The Restaurants You Didn't Realize Were Once Owned By McDonald's

Two words come to mind when you hear the word McDonald's: burgers and business. While we're personally here for the burger portion, there's no doubt that the chain has all but taken over the fast food world since it first stepped onto the scene in 1940.

McDonald's has been far from quiet with the successful introduction of cult classics like the Big Mac and the McFlurry, which have become staple menu items since. And while it's no secret that the burger chain's been doing big business on its own, many loyal fast food lunch-goers have no idea just how far McDonald's has climbed up the casual eatery ladder. 

It turns out McD's has gotten its Hamburglar hands onto some new territories, diving into everything from tacos to pizza. We're going to break down some of the unlikely restaurants that your fave fast food joint has owned in recent years, starting with another crowd favorite: Chipotle.

McDonald's owned this pioneering fast-casual restaurant for nearly a decade

Yes, McDonald's and tacos — it seems like an unlikely duo from the second you walk into a Chipotle, with its modern metal tables, wood beams, and build-your-own burrito bar. But believe it or not, McDonald's invested in the Mexican chain back before it blew up.

According to Reader's Digest, the two chains found each other in 1998, when Chipotle had just over a dozen locations and was slowly growing. At the same time, McDonald's was enjoying seemingly unstoppable success on its own and invested $50 million into the fast-casual Mexican restaurant. The partnership lasted until 2006, when McDonald's sold its 90% stake in Chipotle to refocus and strengthen its own (struggling) burger brand. At the time, Chipotle had ballooned to include over 500 locations nationwide.

Years later, Chipotle commented on the partnership, explaining that McDonald's was pushing a concept that wasn't in line with its brand. McD's wanted taco drive-thrus and a name change, but Chipotle wanted fresh food and to stick to its roots (via Bloomberg).

McD's may be regretting that choice, though. Nowadays, the formerly McDonald's-owned Chipotle has expanded to a portfolio of over 2,000 restaurants, reports Reader's Digest.

McDonald's took on pizza in a whole new way with Donatos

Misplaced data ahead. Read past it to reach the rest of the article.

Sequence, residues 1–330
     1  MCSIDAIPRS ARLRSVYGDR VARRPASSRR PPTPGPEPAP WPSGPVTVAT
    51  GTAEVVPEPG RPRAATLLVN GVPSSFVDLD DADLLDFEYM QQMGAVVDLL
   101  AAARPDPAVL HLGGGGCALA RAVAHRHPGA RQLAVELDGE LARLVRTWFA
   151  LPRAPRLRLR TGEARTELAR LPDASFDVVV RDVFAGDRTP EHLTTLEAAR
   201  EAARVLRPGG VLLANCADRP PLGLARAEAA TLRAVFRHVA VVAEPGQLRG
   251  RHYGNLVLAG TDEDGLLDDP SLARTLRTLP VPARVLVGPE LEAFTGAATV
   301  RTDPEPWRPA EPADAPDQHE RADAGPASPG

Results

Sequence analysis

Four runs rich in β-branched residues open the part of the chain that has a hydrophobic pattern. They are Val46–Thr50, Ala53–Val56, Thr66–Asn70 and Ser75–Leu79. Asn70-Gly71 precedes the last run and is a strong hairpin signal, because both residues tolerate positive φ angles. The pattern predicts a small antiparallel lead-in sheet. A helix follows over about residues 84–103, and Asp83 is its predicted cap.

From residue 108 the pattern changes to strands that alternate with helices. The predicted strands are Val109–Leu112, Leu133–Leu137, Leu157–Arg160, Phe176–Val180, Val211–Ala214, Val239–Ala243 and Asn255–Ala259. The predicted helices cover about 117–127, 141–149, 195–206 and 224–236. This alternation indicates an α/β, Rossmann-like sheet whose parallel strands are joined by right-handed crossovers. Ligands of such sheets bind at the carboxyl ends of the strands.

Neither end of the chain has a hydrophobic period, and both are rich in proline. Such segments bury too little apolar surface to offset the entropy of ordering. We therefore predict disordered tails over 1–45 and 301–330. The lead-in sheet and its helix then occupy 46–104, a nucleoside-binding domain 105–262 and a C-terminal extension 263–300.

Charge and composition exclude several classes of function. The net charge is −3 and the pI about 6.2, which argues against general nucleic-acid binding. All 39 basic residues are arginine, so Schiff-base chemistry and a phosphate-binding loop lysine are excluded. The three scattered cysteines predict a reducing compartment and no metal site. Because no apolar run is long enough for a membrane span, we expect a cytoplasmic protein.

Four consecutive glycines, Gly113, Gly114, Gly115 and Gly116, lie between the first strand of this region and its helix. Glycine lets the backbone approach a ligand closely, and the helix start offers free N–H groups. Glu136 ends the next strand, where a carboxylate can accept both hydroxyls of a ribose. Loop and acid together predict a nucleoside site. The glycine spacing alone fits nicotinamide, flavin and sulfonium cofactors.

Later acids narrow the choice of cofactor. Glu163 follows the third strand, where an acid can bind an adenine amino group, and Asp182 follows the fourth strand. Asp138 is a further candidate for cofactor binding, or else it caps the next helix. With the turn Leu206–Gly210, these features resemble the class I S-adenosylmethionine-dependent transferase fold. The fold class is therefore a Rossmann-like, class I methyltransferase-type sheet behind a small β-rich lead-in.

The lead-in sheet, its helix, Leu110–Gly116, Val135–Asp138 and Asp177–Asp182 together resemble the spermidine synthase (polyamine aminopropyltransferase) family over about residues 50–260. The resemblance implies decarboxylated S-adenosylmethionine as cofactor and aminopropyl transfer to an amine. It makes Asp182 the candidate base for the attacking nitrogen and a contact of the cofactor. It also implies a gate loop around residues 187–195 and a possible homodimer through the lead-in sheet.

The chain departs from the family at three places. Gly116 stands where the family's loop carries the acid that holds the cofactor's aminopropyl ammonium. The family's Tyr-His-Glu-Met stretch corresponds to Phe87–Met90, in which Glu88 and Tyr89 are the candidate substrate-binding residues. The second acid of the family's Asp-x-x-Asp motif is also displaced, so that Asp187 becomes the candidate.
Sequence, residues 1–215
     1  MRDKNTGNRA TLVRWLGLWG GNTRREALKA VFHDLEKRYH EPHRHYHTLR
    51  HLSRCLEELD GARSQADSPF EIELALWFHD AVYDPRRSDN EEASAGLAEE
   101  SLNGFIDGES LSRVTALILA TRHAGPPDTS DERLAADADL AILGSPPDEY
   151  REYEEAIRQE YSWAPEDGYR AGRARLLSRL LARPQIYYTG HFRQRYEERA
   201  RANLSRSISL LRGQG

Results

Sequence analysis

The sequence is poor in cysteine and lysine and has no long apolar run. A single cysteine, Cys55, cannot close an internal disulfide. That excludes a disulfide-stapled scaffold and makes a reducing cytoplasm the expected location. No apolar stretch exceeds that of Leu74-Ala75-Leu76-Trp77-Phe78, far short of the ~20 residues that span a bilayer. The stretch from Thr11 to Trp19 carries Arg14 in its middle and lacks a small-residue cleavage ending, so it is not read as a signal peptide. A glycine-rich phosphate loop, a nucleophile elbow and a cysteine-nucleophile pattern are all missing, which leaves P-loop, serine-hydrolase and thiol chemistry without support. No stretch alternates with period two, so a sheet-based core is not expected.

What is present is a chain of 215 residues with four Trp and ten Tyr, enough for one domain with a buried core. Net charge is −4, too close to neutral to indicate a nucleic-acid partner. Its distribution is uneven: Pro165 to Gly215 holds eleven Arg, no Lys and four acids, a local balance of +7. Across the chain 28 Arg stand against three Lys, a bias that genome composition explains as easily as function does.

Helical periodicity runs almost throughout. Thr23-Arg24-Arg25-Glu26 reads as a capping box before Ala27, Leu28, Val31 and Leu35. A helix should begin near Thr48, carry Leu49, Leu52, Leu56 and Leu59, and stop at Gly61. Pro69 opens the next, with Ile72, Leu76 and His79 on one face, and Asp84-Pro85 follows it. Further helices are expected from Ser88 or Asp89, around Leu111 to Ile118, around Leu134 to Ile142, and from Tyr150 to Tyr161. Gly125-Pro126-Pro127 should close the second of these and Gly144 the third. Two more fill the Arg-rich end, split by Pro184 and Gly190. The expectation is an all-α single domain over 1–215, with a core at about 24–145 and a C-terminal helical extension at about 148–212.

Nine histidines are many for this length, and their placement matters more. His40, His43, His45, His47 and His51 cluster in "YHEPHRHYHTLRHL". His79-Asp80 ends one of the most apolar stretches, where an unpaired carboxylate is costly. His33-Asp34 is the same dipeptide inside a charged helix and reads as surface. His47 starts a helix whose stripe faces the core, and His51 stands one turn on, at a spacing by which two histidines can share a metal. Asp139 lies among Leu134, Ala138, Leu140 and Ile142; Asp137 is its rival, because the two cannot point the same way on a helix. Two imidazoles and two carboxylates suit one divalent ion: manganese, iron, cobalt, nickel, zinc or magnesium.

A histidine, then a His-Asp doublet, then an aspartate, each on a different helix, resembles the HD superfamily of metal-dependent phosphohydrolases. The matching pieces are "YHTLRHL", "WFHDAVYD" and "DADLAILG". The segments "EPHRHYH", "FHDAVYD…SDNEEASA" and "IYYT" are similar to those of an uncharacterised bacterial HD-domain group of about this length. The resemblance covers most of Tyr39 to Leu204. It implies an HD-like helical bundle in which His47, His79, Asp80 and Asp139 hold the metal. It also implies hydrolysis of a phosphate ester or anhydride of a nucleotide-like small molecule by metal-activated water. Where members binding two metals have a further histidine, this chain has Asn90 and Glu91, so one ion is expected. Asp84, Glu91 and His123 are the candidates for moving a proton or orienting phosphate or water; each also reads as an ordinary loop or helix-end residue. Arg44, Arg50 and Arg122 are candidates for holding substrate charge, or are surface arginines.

McDonald's pizza may have been one of the brand's biggest flops in history, but the 1989 McPizza fail wasn't enough to steer the company away from a good slice. Except this time, it wasn't the one behind the oven.

According to the Chicago Tribune, Donatos Pizza and McDonald's partnered up in 1999, not long after the burger chain began investing in Chipotle (clearly, total fast food domination was on its mind). McDonald's fully acquired the pizza chain from the previous owner and hoped to give the chain a push in the right direction, just as it did with Chipotle. The deal, however, was quick to dissolve — in 2003, McDonald's sold all 182 storefronts back to the original owner.

We're pretty certain this proves that pizza is not McDonald's strong suit after all, but that's no problem. More time to perfect those burgers and fries? No complaints here.

Boston Market was one of McDonald's latest ventures

In December 1999, McDonald's again reaffirmed its position at the top of the fast food biz by buying the majority of the Boston Market chain's assets for a whopping $173.5 million. According to the Los Angeles Times, the deal included ownership of over 750 restaurants, plus the rights to another hundred or so franchises. The deal was a surprising one, considering Boston Market's emphasis on fresh and homemade comfort food (AKA, the total opposite of a six-piece McNugget box).

However, it was the third large purchase by the chain in a short period of time, and McDonald's mission — to grow beyond the burgers, and into the fast food world as a whole — was clear.

By 2007, McDonald's flaked on the business deal and sold its stake in Boston Market to a capital firm. The chain may have been struggling, but it was stable enough to take the hit — the company didn't even report a loss after the sale. McD's executives explained the sale with the same reasoning as it did with Chipotle and Donatos: McDonald's just needed to focus on McDonald's again for a little bit (via Albuquerque Business First). Hey, there's nothing quite like a little self-care, right?